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How To Prevent Sleep Disorders in Teens

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It is hard to believe now, but until the twentieth century, society did not view teenage years as a distinct period of life bridging childhood and adulthood. Although now we give its due to the ordeal young bodies and minds go through, there is still a place for improvement, with sleep being one of the aspects that need closer attention.

So what is different?

We intuitively assume that the amount of sleep a person needs decreases with age. True, babies need the most, while toddlers need less, preschoolers even lesser, and so on. Following this logic, teenagers do not need as much sleep as, say, eight-year-olds. However, reality is much more complicated.

This linear notion of sleep is responsible for the myth about elderly needing less sleep than younger people. Although there are some grounds for this misconception, age is not the only factor that determines the need for sleep. There are also such things as workload, stress level, or health condition. With teenagers, however, it is even trickier to find the balance. As they grow older, parents and the school tend to expect more of them, want them to take more assignments, chores, and responsibilities.

While doing so, we forget that the process of growing up is very trying as it is. Teenagers face multiple challenges due to physical and psychological changes. All this can be very exhausting, increasing their need for sleep. The load can also induce a number of sleep disorders, to which teenagers are particularly susceptible.

Why won’t they sleep?

According to researchers, sleep disorders break into four broad categories.

  • Primary sleep disorders.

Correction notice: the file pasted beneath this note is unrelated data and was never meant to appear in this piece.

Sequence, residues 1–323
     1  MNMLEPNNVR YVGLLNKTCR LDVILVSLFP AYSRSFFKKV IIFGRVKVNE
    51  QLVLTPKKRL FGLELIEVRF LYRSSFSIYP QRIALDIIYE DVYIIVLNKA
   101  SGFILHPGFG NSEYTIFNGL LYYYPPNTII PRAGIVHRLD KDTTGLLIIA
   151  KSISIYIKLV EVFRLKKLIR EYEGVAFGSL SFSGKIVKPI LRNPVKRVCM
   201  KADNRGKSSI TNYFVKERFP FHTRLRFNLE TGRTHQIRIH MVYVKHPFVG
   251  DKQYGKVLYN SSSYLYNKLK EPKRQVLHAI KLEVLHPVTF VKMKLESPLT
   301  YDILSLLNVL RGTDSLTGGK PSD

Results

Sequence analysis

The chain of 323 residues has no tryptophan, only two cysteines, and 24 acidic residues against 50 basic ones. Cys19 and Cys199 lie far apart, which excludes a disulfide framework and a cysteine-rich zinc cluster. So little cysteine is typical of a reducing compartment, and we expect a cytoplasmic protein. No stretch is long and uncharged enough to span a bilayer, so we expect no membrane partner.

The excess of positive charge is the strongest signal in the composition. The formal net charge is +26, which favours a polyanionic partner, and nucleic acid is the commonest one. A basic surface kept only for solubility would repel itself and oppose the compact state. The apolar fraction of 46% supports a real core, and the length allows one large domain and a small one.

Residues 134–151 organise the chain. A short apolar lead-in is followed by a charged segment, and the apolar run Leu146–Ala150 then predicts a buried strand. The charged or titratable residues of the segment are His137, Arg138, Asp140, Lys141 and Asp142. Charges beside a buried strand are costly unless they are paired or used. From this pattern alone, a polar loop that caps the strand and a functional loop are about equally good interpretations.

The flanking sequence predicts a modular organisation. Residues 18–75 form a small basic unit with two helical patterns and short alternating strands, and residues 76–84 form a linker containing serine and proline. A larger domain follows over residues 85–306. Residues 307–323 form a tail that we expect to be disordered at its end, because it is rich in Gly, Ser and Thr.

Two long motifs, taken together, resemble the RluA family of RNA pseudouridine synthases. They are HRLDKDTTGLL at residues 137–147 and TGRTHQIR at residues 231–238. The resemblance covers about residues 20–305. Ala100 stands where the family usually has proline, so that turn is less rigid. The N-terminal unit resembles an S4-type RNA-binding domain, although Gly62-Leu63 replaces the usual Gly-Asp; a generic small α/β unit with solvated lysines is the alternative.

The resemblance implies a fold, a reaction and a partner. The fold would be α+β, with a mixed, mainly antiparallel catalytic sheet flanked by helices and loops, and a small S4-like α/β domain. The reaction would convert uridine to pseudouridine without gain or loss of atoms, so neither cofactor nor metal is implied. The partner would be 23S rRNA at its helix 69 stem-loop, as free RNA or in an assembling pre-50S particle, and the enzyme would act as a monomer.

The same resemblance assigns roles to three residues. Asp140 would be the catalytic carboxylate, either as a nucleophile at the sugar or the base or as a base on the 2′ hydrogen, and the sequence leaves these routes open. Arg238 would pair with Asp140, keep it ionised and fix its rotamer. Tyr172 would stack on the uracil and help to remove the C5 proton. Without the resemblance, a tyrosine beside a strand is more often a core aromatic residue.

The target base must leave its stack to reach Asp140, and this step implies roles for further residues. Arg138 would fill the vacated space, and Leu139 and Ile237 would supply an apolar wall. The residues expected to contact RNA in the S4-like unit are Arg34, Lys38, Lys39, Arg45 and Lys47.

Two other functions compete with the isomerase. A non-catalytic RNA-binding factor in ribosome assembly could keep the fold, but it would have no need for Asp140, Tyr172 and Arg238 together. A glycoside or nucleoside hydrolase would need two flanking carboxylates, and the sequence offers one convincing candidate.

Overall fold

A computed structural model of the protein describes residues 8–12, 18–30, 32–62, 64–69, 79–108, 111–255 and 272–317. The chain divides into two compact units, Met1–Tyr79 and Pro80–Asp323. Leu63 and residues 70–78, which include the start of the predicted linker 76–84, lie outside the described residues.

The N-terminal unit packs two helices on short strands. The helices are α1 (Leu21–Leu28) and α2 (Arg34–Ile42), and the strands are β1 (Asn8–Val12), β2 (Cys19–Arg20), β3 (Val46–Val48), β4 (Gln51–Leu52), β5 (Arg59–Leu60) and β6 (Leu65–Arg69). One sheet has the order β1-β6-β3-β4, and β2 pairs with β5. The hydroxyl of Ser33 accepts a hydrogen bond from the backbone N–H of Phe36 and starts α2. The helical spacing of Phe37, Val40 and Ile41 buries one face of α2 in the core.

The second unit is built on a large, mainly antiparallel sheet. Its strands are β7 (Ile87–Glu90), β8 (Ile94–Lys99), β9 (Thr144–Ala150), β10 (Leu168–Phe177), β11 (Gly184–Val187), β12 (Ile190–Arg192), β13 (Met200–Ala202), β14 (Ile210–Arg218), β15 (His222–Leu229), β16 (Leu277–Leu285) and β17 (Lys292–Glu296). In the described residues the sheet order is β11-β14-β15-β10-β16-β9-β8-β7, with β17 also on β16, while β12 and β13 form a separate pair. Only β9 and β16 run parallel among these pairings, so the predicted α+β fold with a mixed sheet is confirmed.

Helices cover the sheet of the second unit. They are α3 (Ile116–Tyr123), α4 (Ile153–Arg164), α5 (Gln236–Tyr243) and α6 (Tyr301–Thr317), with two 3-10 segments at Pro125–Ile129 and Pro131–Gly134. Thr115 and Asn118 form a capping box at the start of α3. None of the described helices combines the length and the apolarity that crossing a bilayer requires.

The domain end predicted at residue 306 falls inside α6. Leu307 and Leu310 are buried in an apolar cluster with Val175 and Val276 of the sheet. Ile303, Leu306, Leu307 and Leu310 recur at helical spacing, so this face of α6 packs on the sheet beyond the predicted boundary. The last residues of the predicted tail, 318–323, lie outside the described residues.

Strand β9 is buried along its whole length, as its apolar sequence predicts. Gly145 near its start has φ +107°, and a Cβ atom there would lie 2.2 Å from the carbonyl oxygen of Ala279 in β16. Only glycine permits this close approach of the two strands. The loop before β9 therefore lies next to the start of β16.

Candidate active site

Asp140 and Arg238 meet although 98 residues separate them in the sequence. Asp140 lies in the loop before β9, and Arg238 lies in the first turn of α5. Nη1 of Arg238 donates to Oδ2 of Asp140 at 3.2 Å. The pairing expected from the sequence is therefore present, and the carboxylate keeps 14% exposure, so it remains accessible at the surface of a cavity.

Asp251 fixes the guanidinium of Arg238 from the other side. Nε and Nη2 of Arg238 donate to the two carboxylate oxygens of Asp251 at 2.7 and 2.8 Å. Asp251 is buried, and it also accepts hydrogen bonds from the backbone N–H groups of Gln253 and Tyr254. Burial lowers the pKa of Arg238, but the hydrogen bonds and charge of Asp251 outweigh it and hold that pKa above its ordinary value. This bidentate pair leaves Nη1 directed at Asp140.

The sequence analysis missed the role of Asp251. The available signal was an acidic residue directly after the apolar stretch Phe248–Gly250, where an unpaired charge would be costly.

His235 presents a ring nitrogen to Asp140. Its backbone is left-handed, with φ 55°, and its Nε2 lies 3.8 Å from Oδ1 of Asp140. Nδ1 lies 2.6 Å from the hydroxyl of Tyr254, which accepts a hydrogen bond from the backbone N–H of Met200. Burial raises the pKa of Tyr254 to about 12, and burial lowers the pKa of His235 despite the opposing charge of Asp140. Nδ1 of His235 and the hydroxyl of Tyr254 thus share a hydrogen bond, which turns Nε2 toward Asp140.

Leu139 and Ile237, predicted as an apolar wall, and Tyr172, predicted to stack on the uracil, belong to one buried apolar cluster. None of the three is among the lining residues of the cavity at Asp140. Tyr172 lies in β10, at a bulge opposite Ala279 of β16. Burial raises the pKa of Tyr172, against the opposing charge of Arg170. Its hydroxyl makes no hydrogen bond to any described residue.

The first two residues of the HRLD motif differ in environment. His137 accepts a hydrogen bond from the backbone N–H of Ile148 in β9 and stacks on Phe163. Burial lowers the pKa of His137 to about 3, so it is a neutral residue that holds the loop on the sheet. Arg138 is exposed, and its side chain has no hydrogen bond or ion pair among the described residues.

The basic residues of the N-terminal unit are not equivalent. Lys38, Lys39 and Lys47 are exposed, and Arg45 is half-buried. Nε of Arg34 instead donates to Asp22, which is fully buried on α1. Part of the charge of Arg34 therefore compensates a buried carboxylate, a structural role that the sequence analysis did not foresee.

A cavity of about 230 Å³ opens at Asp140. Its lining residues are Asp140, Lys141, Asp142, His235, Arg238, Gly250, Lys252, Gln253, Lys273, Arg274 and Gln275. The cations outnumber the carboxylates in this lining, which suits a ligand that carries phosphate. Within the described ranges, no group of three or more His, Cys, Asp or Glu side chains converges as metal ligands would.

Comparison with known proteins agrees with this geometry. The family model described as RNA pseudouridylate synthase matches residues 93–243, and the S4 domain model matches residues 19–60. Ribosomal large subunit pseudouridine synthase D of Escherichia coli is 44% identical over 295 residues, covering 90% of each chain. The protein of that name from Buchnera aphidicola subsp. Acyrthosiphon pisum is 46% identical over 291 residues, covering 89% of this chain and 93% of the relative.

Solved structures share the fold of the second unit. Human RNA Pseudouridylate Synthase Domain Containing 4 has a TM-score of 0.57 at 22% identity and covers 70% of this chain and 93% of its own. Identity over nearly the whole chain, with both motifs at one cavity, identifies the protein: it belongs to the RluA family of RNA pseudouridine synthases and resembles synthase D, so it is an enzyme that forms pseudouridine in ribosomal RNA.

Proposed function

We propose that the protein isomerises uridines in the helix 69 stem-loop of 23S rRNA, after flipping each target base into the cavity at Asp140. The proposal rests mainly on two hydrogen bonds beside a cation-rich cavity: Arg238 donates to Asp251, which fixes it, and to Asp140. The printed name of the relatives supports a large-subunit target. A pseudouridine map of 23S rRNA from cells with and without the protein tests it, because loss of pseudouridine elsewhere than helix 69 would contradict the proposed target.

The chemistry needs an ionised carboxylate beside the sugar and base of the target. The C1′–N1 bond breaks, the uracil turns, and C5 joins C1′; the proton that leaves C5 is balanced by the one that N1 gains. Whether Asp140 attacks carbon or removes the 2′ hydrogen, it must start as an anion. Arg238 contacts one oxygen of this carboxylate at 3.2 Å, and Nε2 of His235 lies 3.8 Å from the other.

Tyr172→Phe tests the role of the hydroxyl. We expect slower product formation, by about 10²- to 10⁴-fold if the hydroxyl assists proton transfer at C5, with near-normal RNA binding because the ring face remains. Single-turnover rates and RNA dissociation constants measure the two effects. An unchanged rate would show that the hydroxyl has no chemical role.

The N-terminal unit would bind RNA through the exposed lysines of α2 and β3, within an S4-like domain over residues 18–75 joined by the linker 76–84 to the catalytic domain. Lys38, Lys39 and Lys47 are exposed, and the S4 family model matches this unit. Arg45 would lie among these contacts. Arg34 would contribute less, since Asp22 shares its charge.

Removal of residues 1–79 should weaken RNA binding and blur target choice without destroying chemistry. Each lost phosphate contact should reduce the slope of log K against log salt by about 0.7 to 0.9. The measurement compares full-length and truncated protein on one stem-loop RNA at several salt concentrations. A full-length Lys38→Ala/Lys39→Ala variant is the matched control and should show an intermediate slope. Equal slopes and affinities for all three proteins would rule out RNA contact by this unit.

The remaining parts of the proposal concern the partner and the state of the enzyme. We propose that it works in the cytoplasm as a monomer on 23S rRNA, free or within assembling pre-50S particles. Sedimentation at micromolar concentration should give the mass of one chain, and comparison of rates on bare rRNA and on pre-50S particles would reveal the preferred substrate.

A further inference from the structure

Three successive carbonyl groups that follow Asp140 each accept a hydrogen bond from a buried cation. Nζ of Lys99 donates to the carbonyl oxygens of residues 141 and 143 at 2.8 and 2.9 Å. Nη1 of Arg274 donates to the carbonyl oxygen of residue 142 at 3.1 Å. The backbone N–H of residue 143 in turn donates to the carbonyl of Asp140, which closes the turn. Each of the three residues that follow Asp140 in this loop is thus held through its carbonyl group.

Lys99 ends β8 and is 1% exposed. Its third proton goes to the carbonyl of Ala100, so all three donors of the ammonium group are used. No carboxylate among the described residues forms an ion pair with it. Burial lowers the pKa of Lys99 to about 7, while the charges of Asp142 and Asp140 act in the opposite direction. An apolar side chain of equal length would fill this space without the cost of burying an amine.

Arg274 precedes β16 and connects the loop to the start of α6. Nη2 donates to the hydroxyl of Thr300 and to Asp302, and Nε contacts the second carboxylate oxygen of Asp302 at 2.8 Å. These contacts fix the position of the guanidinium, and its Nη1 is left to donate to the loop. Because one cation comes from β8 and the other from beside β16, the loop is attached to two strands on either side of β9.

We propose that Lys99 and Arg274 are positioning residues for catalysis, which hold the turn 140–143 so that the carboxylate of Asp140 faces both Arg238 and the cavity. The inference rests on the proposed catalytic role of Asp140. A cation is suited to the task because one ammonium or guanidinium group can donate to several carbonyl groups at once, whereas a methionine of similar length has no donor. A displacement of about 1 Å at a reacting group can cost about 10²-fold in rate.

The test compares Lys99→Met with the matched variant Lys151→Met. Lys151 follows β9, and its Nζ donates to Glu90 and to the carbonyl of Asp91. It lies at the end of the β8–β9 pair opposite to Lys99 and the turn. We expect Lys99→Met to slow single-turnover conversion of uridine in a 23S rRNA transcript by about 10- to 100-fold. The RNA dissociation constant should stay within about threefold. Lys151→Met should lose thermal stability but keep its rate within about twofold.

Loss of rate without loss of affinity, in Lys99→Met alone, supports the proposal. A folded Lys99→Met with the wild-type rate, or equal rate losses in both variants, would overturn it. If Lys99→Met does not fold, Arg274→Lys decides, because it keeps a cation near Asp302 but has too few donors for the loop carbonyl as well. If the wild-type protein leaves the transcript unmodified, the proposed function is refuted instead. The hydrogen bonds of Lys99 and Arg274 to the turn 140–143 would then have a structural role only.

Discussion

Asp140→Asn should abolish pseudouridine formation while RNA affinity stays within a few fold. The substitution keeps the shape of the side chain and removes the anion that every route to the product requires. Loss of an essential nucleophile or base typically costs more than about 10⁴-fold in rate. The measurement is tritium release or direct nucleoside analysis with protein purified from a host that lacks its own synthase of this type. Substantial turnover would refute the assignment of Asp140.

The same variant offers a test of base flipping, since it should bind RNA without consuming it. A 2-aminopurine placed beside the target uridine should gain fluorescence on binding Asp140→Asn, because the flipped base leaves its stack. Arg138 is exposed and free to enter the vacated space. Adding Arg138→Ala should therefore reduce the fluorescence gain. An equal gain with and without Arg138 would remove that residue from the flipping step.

These include teeth grinding, snoring, sleepwalking, night terrors (if they persist into adolescence), and many others. As they usually result from a genetic predisposition or brain injury, these disorders do not pertain to adolescent specifically. Nevertheless, they often strike at teenage years (such as Kleine-Levin syndrome, otherwise known as Sleeping Beauty syndrome).

  • Sleep disorder related to another mental disorder.

As adolescence is often associated with intense emotional turmoil and struggling through an existential crisis, there is no wonder that anxiety, depression, neurosis and various psychological issues top the list of teen insomnia causes. Teens are overwhelmed with new responsibilities, as well as social and academic challenges. They feel as if their time does not belong to them anymore. They want to claim back their life, so they develop a “night owl” syndrome delaying their bedtime day after day and interfering with their circadian rhythms.

Exams, relationship problems, bullying, and other issues can also disrupt sleep, because teen’s mind goes into overdrive, making it impossible to relax. They may stay up late surfing the Internet, watching favorite shows, reading, texting, chatting, or just tossing and turning for hours, unable to fall asleep.

  • Sleep disorder due to a general medical condition.

The condition may vary from the high level of blood sugar and obesity to respiratory diseases and cramps. Adolescence is the time of hormonal changes and adjustments, therefore many conditions, undetectable in children, take its toll and start affecting sleep at this age.

  • Substance-induced sleep disorder.

This is also quite common. It can be as trivial, as drinking too much coffee. However, sometimes, prescribed medications are to blame, such as those used to treat asthma, high blood pressure, and heart conditions. Alcohol and drug abuse also may cause sleep problems or aggravate the existing issues.

What can we do?

The majority of adolescent sleep problems are preventable. That is why behavioral and supportive methods are the most useful for treating the disorders.

What should you do if you have noticed that your teen does not have enough rest or has difficulties falling asleep?